So we dumped out the contents of the box, which sounded like the New York Philharmonic’s brass section falling over a cliff, and surveyed the wreckage.
“Uh, honey?  You look tired.  Why don’t you go soak in the tub for a while,” Stij suggested.
“Are you trying to get rid of me?”
“Yes.  Absolutely,” he said.
“But why?  I want to help you.”
Stij gave me THE LOOK.  I never pushed THE LOOK to the next step . . . THE REMINGTON.  I drew a bath.
When I got out later on, Stij had put the whole thing together and it looked great—just like on TV.
“Let’s go try it out!” I cried.
So Stij gassed it up and to the garden we romped.  Well, I romped.  Stij walked sedately.
I grabbed the two steering handles, and once Stij got it running, I pulled the accelerator. . . hard.
This tiny little machine and I flew across the garden, bisecting my fig tree, chopping my neighbors’ fence to toothpicks and creating a two foot deep ditch across their yard, finally coming to rest halfway through the trunk of a palm tree.
We only stopped because it ran out of gas.  If that thing had a bigger tank, I think I could have made it to Vegas in about 28 minutes.
After Stij pried the mangled metal from the palm tree and talked our neighbors out of a lawsuit, we went home.
“Can you fix it?” I asked foolishly.
“Why?  Do you want to take a spin around the block?”
“Is this why you won’t let me have a car?”
“You’re a menace to society.  You know that, right?”
“I think you may be exaggerating just a bit,” I sniffed.
“Really?  How about the time you added a hundred packets of yeast to your bread batter and then decided to cook it with a flame thrower?”
“I was only trying to stop it from engulfing the whole house.  It was eating the couch!  And it was only twenty packets.”
“And then there was the time when you made Thanksgiving dinner for the whole family and everyone wound up with such hideous diarrhea that we had to get a couple of porta johns to put out in the yard, because we only have one bathroom.”
“I hardly think it’s fair that…”
“OR the time you stopped up the drain in the sink and used sulfuric acid to clear it?
“Okay, okay, you made your point.”
“You need a new, safe hobby,” he said.
And that, dear readers, is how I came to be a writer.

August 16, 2013


Since my birthday is in two days, I have taken a few moments to contemplate getting older.  Here are a few helpful hints to deal with all that marching on that time does:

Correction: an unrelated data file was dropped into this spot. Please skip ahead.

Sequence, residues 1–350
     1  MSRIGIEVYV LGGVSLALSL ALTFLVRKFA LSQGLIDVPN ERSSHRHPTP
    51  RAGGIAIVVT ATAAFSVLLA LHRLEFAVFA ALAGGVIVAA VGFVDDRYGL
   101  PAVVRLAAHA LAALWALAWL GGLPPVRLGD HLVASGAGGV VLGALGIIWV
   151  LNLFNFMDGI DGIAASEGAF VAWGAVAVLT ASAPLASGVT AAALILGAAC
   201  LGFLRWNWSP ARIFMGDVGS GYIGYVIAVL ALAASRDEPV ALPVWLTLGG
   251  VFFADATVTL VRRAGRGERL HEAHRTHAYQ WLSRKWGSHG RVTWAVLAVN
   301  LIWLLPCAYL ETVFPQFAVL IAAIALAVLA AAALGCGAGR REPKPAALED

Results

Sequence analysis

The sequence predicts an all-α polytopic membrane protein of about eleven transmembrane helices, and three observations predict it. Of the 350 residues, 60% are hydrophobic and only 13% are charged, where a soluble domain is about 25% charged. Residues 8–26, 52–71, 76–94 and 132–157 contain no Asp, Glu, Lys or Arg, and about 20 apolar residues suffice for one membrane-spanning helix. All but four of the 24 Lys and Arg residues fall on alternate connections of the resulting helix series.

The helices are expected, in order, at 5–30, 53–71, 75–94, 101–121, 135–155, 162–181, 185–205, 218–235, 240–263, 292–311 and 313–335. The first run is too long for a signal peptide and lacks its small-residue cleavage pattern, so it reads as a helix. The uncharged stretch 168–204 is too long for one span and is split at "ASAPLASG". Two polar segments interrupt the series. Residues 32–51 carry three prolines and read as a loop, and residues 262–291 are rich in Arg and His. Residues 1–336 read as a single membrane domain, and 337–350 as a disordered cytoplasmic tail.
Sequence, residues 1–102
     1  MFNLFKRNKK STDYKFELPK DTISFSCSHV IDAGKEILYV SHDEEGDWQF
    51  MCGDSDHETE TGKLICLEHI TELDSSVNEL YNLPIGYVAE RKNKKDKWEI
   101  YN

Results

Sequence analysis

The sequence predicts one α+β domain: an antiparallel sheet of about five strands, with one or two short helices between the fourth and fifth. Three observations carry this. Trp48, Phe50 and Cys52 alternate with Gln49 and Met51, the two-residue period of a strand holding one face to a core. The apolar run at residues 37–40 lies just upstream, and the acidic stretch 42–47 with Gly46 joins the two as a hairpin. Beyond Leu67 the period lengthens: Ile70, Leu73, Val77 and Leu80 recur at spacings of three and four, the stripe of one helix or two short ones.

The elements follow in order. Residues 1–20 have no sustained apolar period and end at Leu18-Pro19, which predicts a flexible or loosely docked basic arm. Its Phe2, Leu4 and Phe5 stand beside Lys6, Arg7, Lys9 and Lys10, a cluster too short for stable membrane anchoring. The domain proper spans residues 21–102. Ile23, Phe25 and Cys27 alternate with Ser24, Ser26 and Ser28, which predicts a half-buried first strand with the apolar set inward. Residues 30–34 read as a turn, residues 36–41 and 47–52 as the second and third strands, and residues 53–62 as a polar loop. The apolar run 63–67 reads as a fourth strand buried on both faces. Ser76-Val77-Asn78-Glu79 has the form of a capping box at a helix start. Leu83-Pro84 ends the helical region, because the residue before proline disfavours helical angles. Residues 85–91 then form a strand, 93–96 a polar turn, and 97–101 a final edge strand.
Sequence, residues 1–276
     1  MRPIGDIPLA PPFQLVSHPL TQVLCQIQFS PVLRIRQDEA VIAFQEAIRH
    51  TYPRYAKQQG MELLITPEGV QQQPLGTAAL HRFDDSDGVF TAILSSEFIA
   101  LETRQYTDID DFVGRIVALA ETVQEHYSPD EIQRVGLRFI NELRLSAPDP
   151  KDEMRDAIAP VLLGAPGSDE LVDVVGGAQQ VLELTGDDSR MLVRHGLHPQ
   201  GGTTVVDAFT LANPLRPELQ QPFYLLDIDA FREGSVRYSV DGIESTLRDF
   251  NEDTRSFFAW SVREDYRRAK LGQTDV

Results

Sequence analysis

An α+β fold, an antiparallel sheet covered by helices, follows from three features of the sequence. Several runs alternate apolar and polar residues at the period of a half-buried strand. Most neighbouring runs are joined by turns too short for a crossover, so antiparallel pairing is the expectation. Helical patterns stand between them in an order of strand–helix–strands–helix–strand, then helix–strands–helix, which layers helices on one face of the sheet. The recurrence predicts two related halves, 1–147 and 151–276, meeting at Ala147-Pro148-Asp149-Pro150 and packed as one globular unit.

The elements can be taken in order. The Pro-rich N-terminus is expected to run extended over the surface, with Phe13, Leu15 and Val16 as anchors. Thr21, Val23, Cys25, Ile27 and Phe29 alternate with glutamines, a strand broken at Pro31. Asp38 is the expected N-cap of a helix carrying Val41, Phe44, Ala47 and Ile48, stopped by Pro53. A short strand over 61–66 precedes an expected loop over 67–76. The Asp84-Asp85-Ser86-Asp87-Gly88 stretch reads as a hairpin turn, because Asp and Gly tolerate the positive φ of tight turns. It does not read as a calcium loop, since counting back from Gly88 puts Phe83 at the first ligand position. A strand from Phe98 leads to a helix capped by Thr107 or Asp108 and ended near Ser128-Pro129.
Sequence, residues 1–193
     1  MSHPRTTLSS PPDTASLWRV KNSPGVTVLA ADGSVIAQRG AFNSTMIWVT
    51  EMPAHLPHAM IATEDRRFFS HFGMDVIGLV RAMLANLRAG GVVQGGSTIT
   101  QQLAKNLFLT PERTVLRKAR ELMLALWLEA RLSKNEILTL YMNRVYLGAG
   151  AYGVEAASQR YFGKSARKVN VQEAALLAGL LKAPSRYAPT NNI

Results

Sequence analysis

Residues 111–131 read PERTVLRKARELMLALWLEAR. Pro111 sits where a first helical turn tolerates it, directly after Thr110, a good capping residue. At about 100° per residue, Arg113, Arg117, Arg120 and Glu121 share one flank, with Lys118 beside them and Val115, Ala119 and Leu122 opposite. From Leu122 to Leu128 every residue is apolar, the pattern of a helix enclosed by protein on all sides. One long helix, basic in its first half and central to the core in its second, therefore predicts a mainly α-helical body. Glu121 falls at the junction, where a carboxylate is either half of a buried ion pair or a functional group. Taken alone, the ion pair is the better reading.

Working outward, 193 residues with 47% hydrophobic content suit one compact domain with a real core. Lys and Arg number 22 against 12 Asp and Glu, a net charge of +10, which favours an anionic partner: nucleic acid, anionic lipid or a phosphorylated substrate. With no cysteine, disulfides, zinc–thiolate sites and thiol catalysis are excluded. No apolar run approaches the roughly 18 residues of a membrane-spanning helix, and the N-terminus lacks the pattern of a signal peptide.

Always hang out with people older than you—preferably much older—though as the years pass, much older gets harder and harder to locate.  These days, I spend a lot of time at critical care assisted living units swapping stories of Prohibition, milk delivery, and Judge Crater. 

Chew raw garlic constantly. This will keep away those irritating people who cause lines in your face . . . like your family.  This has the added benefit of helping to keep your blood pressure under control. 

Pat your face liberally with olive oil before going to bed—but don’t use so much that you slide off the pillow. 

Get some exercise every day.  I alternate with raking the living room or walking to the store for more raw garlic. 

Keep an upbeat frame of mind.  Stop listening to the news. 

Find a job that you enjoy doing.  If you love being with and talking to people, get training as a counselor.  If you hate people, but love animals, perhaps working for a vet or hiding out in the woods and picking off hunters is up your alley.  If you hate people AND animals, look for work in a morgue or become an ice sculptor in Antarctica. 

Find something to do that makes you happy in your daily life.  Some people go in for gardening.  Others buy a dog.  I stop at every house on my way to the store, ring the bell, and run.  On my way back, nobody confronts me about it because I will have already eaten one whole garlic bulb.
It is critical to get enough rest.  Move out.



August 9, 2013


           Think you can just water your plants, put them in the proper light, sprinkle plant food over them occasionally and they'll pretty much take care of themselves?
Think again.
I have a greenhouse full of plants…carnivorous ones.  I have collected every type there is, and they're all huge!
As I'm sure you can guess, they have rather different nutritional requirements than your run-of-the-mill begonia, since they require meat.  Oh, they'll eat hamburger…grudgingly; but what they really prefer is live bugs, their favorite being flies.  I have so many plants that buying flies (yes, there are places where you can actually purchase them) has become cost prohibitive, and catching them on my own just doesn't cut it.  If I nabbed 50 flies in a day, I was lucky.  However, that would only be enough to feed one of my largest plants or three of the smaller ones.  
So I raise my own…flies, I mean.
If there is anything more perverse and absurd than actually raising houseflies, on purpose, I defy anyone to find it.